AOPA will be closing at 2:30 p.m. EDT, August 29th, in observance of the Labor Day Holiday. We will reopen on 8:30 a.m. EDT, Tuesday, September 2nd.
August 1, 2011
By Ian J. Twombly
Capitalists rejoice! More competition is among us. Sennheiser introduces a new headset this month: the top-end S1. With a price point squarely aimed at the Bose A20 and Lightspeed Zulu, Sennheiser thinks superior engineering will make it king of Headset Mountain.
The S1 is Sennheiser’s first big headset launch to the general aviation market in years, and the company made sure it had a good product before putting it all on the line. This thing is an engineer’s dream. It features multiple foam layers; the ear pads have a spot that’s softer where sunglass or eyeglass stems go; it has four microphones for optimal noise canceling; buttons provide a sound boost for those who have their audiologist on speed dial; Bluetooth is built in with controls for phone calls or music; tension on the band can be adjusted by the user. And then there’s The Button.
The Button is Sennheiser’s ace in the hole. Company representatives say that when a normal headset is engineered, a natural tradeoff occurs when trying to optimize the active noise reduction. That’s because ANR works by throwing back sound at the opposing wavelength, thereby canceling it out. But sounds in the cockpit change, and ANR is naturally only perfect for one frequency. Until The Button, that is.
Once a pilot presses The Button, the four microphones “listen” closely, the system does a bunch of work only German engineers understand, and then it reoptimizes the ANR for the current frequency level. This results in a quieter headset in all phases of flight. And believe it or not, reality matches marketing here. The headset becomes noticeably quieter every time you push The Button, be it for takeoff, cruise, descent, and so on.
Ironically, all of this button pushing is almost irrelevant because the S1 is quiet before the ANR is even turned on. That’s a strong selling point, especially considering how often batteries on ANR headsets die. Speaking of which, the two AA batteries will last anywhere from 25 to 40 hours on the S1, depending on which type and what functions are in use.
Sennheiser hopes its new S1 isn’t too late to the high-end ANR headset party. Regardless of timing, however, this is a strong performer and definitely worthy competition for Bose and Lightspeed.
Who: Sennheiser S1 What: Top-end active noise cancelling headset Where: www.sennheiserusa.com; 860-434-1759 Why: More features than Bose A20 or Lightspeed Zulu How much: $1,095; $995 introductory price
One would think that with different-size fuel filler holes, different-size fuel nozzles on trucks—and different fuel colors and smells—aircraft misfueling would never happen. But that assumes a level of competence not seen on every ramp. FuelTape is yet another solution aimed at making sure only avgas goes into piston engines and jet fuel goes into turbine engines.
Not unlike the color-coded stickers that surround fuel ports, FuelTape is a color-coded masking tape that goes over the fuel cap. The idea is that a lineman has to remove the tape to get the cap open, in the process hopefully noticing that it says in large letters, “Avgas 100LL Fuel Only” or “Jet A Fuel Only.” The tape comes in 30-foot rolls, which is enough for around 20 applications, assuming two fuel caps.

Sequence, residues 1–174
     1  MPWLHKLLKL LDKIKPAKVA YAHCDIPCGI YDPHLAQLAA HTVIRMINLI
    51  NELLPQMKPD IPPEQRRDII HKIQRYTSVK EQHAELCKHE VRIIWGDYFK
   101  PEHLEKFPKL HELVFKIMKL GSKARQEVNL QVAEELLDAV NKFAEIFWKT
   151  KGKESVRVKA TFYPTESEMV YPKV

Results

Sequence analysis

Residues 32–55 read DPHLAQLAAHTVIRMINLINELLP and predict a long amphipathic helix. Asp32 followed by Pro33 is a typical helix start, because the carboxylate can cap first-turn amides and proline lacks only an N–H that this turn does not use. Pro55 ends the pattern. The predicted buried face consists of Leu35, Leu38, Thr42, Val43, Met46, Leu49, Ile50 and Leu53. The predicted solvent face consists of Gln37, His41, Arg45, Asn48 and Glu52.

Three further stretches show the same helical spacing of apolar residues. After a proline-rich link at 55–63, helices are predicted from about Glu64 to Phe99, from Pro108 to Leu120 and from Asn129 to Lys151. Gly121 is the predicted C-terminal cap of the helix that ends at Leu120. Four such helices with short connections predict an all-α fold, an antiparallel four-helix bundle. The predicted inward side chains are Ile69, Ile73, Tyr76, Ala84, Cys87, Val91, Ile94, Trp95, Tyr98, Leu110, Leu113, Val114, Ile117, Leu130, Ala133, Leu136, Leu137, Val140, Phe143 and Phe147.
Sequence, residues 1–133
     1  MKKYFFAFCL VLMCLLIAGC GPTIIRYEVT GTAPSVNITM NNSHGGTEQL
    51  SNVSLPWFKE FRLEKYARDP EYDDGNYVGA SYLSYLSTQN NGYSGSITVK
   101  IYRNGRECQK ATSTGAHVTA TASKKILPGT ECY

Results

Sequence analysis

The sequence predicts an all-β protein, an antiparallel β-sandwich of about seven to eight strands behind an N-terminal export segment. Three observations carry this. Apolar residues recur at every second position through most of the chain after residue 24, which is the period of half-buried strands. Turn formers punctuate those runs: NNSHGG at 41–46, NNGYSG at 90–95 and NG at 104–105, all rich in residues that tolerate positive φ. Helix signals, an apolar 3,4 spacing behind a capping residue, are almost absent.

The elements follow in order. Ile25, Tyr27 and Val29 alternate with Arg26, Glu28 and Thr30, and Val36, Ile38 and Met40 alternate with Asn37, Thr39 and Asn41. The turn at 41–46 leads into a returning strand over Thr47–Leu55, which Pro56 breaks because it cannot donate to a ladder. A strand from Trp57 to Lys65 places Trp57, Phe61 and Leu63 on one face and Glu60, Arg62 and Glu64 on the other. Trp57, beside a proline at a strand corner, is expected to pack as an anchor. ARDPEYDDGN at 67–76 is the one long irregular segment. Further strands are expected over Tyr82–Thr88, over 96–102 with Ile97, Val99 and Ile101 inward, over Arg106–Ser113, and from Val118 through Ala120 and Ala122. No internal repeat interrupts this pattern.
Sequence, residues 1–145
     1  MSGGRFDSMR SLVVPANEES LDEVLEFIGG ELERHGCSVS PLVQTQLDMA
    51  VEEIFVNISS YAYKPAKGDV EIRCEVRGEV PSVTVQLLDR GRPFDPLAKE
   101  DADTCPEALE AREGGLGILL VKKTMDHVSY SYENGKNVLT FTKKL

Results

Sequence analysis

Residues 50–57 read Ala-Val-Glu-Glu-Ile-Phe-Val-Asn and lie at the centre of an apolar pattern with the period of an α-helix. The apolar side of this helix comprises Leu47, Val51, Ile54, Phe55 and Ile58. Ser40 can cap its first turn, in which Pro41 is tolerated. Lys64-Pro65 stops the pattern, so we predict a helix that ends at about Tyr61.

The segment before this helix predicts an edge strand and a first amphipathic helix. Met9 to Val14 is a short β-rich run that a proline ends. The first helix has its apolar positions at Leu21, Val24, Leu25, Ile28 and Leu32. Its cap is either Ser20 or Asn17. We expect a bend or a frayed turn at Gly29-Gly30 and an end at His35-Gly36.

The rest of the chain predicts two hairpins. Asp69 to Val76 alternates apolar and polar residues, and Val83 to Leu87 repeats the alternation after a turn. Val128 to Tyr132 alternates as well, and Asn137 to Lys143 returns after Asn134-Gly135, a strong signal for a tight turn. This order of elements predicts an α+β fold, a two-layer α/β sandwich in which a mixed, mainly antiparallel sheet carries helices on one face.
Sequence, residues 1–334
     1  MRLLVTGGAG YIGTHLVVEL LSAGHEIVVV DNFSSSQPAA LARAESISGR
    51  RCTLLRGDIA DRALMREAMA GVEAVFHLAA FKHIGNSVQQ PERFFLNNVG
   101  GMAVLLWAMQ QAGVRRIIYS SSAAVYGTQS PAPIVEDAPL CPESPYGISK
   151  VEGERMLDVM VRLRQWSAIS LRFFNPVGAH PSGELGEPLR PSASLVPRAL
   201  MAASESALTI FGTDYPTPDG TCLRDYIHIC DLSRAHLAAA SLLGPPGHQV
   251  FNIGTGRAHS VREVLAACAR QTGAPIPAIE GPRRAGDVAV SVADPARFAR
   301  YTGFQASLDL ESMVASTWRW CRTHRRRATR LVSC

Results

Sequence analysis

Although it does take a minute to apply, and you have to remember to actually do it, a little bit of time and effort seems a good trade-off for a misfueling accident.
Who: FuelTape What: Highly visible tape for fuel caps Where: www.aircraftspruce.com; www.skygeek.com Why: A minute is worth preventing an accident How much: $8 to $10
Apple's iPad might be the most talked-about cockpit accessory since the invention of aviator sunglasses, but there is no denying that it has its drawbacks. Chief among them is probably the built-in GPS, which isn't as accurate as a dedicated unit and has been known to come and go at certain altitudes.
Enter the Dual GPS. Like a few others on the market, the Dual GPS is a small, Bluetooth-enabled GPS that is meant to be paired with an iAnything. It also works with Android and PCs for the non-Apple fans among us.
The unit is required to be paired with a device before it starts searching for satellites. While this is a quick process, the satellite search is not. Our tests found it took almost three minutes for an initial lock, and around six minutes for a full, dedicated signal. We know this because we could track the satellite progress with the device's app that gives a current status with the number of locked-on satellites, as well as current latitude and longitude. Very cool.
The other strong selling point of this unit is its non-slip "carrying case." It's made of a soft, flexible material that will stay on any glareshield, or vertically on a window with no tape or suction. It's the little things.
Who: Dual GPS What: Small, Bluetooth GPS Where: www.dualav.com Why: Because your iPad needs a real GPS How much: $99
Flight Training Editor Ian J. Twombly joined AOPA in 2003 and is an instrument flight instructor.
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